Social Progress and the ‘Invisible Hand’: It’s Not All About the Economy Stupid

There seems to be a constant battle between those who think that all social progress comes from good economic management and those that think the government needs to be responsible for most if not all social progress. The truth is that the solution (and solution is probably the wrong word) lies somewhere in between a completely free market/economic response to social progress and a government response which can either be to get out of the way or to legislate for social improvements.

In all likelihood on the ‘free market/it’s all about the economy in social progress and government intervention is the best way to ensure social progress’ pendulum the best answer would likely be very close toward the ‘let the economy sort out social disadvantage’ end of the pendulum. Note that it’s only the best answer. Not one single political ideology offers a solution that will completely solve pretty much every single problem and that is both a political and electoral reality.

Now back to that pendulum. While it is self-evidently true that much social progress comes from a strong economy there is also a need for limited government intervention, be it legislating in an attempt to benefit society or stepping away from legislating in areas that might act to prevent the advancement of the people, most importantly the individual regardless of social group.

So what work does the economy do as regards social progress? Well, a strong economy provides many with the opportunity to be employed in a meaningful job. A strong economy means that more jobs are created and more people will have the opportunity to live at the very least a modest and comfortable lifestyle in what is becoming an increasingly expensive world.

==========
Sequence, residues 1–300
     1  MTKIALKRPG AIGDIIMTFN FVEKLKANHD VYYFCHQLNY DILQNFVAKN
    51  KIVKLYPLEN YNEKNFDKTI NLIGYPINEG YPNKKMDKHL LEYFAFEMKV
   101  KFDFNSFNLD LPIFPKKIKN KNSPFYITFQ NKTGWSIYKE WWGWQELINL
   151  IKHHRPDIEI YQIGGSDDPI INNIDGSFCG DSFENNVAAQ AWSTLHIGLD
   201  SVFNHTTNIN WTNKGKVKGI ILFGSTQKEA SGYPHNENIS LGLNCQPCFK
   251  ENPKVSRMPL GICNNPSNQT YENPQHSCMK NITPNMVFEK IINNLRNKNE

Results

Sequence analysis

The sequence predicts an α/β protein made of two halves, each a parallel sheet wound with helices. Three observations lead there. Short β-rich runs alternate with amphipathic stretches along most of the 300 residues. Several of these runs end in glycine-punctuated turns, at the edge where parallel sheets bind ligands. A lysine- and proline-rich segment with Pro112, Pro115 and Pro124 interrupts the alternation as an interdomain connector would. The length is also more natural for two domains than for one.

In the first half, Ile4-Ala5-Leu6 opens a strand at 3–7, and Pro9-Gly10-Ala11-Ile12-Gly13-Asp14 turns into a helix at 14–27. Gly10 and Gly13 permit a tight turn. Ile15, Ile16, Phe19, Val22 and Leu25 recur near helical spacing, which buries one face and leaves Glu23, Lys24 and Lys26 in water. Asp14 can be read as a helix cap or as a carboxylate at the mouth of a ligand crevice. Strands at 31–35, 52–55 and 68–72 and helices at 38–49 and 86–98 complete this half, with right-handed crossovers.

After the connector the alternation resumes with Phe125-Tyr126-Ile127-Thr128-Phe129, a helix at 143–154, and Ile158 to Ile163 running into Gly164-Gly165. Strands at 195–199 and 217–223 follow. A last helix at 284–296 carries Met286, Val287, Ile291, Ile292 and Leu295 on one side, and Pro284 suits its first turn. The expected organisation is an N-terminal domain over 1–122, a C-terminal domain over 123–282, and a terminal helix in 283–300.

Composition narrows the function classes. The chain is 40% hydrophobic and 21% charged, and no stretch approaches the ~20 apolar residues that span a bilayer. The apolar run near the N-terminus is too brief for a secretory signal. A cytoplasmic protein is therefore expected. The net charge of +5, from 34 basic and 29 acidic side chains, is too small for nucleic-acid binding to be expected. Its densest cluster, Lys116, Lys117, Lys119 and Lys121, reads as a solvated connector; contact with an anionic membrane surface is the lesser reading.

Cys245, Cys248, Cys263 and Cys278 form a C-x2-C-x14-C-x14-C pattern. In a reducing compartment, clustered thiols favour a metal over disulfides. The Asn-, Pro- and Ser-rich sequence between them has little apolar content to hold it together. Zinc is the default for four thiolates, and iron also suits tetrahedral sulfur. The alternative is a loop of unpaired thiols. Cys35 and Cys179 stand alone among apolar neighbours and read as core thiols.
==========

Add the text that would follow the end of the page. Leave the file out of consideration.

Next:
More jobs too means more tax being collected by the government without having to raise taxes for any one group and that means for those who do happen to fall through the cracks, and there will always be people that do regardless of effort and exertion and economic circumstances in the nation and the world, it means that there will be assistance available for them for as long as they need it.

So having a job or a business and earning an income is certainly a big part of social progress but there are things which cannot be provided for by a strong economy or the free market.

A free market does not, will not and cannot stop forms of discrimination, particularly relating to participation in the economy, though in some small way the more people able to be given jobs then it flows that less discrimination may well exist because some ordinarily discriminated against may well be invited into employment opportunities.

Ordinarily though, discrimination will exist and will continue to exist and should at the very least be responded to by educating people about diversity and difference.

Anti-discrimination legislation is also a necessary evil though in many cases it is nigh on the impossible to determine when real discrimination, particularly in employment exists, even though the statistics on minorities show in a broad sense that it is clearly an issue. But again this kind of government intervention needs to be coupled with educating people of the capabilities that people from all works of life possess.

One thing that a free market can never bring, not at all, though I’m sure we’d like to see it happen is the very topical issue of marriage equality. Try as it may, the ‘invisible hand’ just cannot bring about people being able to take the tangible hand of their same-sex partner in marriage.

Same-sex marriage is one area in which the government can either intervene to legislate for marriage equality or completely bugger off from the whole process. Reality says that government, in an eventual move would vastly prefer to legislate for same-sex matrimony rather than to say “hey we really have no place here” and that is okay as long as it is inevitable and you’d have to say it is.

For the most part many of us would love for the government to stay out of our lives and the biggest forms of social progress can be provided for with little or no government intervention, but there will always be a place for government particularly when that means correcting ills that they have fostered or fomented, but that power cannot be unlimited.

About Tom Bridge

A perennial student of politics, providing commentary for money and for free. Email me at tbridgey@gmail.com or contact me on 0435 035 095 for engagements.

Posted on July 9, 2012, in Federal Politics and tagged , , , , , , , , , , , , . Bookmark the permalink. Leave a comment.

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